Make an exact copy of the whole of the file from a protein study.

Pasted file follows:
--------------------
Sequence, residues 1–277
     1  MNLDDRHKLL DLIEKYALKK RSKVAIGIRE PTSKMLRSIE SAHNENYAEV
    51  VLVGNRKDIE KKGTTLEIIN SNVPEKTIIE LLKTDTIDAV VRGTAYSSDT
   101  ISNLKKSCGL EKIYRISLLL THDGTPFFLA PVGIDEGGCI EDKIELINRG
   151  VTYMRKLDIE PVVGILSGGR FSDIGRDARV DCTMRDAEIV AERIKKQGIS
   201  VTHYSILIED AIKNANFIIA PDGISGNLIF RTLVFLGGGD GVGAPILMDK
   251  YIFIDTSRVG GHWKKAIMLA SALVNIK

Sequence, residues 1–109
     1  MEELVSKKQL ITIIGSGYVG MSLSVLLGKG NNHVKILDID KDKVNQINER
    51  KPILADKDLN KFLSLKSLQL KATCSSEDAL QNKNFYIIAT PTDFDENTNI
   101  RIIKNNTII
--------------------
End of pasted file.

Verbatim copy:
Sequence, residues 1–277
     1  MNLDDRHKLL DLIEKYALKK RSKVAIGIRE PTSKMLRSIE SAHNENYAEV
    51  VLVGNRKDIE KKGTTLEIIN SNVPEKTIIE LLKTDTIDAV VRGTAYSSDT
   101  ISNLKKSCGL EKIYRISLLL THDGTPFFLA PVGIDEGGCI EDKIELINRG
   151  VTYMRKLDIE PVVGILSGGR FSDIGRDARV DCTMRDAEIV AERIKKQGIS
   201  VTHYSILIED AIKNANFIIA PDGISGNLIF RTLVFLGGGD GVGAPILMDK
   251  YIFIDTSRVG GHWKKAIMLA SALVNIK

Sequence, residues 1–109
     1  MEELVSKKQL ITIIGSGYVG MSLSVLLGKG NNHVKILDID KDKVNQINER
    51  KPILADKDLN KFLSLKSLQL KATCSSEDAL QNKNFYIIAT PTDFDENTNI
   101  RIIKNNTII